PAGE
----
The Football Association is once again Jose Mourinho's target after the Chelsea boss blasted perceived evidence of double standards.
Jose Mourinho believes he would be hit with a stadium ban if he were involved in the kind of touchline scrap that saw Nigel Pearson appear to choke James McArthur.
Leicester City boss Pearson escaped punishment for a bizarre tangle with the Crystal Palace midfielder, and subsequently clung onto his job despite intense reports of his sacking at the King Power Stadium over the weekend.
Mourinho is no stranger to a touchline scuffle and clashed with Arsenal counterpart Arsene Wenger at Stamford Bridge earlier this season.
The Chelsea boss has courted controversy for much of the season with repeated claims of a "campaign" against his side perpetuated by the Football Association.
A £25,000 fine has seemingly done little to quell the Portuguese's frustration, however, as he once again took aim at the authorities when asked for his thoughts on Pearson's indiscretions.
"I have only thoughts about myself, not about Nigel," he said, before referring to his spat with Wenger.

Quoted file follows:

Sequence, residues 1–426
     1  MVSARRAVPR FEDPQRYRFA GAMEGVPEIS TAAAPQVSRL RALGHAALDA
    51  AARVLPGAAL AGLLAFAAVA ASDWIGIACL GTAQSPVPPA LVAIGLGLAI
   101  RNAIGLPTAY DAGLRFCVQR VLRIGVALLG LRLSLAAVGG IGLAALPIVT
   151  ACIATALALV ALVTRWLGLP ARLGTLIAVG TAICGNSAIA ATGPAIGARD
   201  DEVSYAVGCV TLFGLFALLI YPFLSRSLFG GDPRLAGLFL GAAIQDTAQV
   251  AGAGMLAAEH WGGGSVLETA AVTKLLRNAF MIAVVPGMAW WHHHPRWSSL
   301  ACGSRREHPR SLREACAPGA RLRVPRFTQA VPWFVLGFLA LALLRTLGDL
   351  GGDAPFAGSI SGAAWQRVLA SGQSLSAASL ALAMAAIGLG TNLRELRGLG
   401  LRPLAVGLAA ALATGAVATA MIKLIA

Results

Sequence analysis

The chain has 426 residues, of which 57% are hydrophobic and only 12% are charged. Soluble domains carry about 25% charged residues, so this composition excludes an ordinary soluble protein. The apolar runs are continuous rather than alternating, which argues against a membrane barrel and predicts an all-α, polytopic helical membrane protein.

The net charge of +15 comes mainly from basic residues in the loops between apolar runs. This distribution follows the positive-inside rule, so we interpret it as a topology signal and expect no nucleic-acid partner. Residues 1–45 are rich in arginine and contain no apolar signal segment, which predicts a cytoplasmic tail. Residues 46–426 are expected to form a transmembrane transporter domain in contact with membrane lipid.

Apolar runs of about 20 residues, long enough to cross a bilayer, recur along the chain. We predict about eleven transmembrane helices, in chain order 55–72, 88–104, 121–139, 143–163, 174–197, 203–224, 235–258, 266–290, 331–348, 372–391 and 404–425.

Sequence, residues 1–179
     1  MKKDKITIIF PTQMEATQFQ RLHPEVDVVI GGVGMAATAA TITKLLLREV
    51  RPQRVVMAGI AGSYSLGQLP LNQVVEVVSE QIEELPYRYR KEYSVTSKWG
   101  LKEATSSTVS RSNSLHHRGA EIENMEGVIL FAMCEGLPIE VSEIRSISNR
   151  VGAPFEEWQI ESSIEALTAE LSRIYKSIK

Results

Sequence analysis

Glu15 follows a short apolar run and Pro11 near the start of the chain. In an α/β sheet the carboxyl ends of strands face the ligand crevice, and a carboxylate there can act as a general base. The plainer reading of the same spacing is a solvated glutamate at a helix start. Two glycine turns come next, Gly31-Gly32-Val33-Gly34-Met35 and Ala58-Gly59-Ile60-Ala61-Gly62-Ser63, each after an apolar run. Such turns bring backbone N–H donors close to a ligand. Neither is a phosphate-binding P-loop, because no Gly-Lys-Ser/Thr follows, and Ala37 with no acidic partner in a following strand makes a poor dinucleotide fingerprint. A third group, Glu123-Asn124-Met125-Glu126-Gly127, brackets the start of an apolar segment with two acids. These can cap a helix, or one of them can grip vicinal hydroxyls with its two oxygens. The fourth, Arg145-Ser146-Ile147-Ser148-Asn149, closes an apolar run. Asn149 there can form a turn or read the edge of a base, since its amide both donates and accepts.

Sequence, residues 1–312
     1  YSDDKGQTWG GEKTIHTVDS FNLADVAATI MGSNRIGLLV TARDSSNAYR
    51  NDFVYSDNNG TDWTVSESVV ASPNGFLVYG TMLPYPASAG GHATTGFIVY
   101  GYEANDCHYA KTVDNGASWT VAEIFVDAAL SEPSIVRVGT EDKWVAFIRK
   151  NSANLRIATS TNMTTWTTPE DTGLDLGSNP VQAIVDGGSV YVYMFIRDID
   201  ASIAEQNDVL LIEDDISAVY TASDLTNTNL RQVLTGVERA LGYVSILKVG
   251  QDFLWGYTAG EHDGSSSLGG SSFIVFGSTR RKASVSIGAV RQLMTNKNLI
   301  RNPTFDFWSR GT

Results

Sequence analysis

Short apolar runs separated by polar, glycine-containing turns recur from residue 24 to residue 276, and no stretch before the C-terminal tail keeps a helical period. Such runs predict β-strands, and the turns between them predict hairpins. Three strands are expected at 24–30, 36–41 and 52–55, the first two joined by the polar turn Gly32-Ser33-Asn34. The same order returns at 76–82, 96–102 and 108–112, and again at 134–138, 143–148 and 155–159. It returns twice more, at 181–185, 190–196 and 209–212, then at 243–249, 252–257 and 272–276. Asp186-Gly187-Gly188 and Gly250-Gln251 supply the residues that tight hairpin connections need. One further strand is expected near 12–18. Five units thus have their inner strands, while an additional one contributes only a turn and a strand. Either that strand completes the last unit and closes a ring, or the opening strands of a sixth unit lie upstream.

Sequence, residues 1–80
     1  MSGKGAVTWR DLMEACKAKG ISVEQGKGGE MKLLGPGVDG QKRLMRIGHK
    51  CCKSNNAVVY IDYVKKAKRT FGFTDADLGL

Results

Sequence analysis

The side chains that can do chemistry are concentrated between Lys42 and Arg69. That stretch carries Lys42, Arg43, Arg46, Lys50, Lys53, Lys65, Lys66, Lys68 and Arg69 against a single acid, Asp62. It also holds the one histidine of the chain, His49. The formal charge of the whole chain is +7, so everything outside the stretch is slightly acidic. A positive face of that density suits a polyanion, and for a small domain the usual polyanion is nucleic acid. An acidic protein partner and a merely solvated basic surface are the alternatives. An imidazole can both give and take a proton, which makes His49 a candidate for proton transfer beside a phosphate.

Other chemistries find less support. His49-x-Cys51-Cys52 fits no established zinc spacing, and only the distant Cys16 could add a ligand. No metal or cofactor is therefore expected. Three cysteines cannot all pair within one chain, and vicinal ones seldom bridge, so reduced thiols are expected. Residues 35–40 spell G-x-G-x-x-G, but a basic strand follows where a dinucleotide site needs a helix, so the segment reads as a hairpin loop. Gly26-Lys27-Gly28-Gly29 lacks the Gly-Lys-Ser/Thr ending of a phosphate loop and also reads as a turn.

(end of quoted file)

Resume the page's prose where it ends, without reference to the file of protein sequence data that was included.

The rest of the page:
"If I push a manager in my technical area, you know that I will be stadium banned," Mourinho said.
"We all know. Why? We don't know. You can't say we don't know why, but I think we all know that if I do something like that I would be in serious, serious trouble."
Mourinho could be set for further punishment after suggesting Robin van Persie should have been retrospectively punished for throwing an elbow at West Ham's James Tomkins on Sunday - an incident not deemed worthy of on-field action by referee Mark Clattenburg, or post-match by the FA.
Despite having already been hit in the pocket over his comments this term, Mourinho suggested he will not look to curb his outbursts when facing the media.
He explained: "I can be very defensive and say nothing, or I can be myself and say what I feel.
"And then there is a line where you never know the way they [the FA] analyse it and they think you can or can't say that.
"Press conferences, especially after matches, are very, very difficult for us."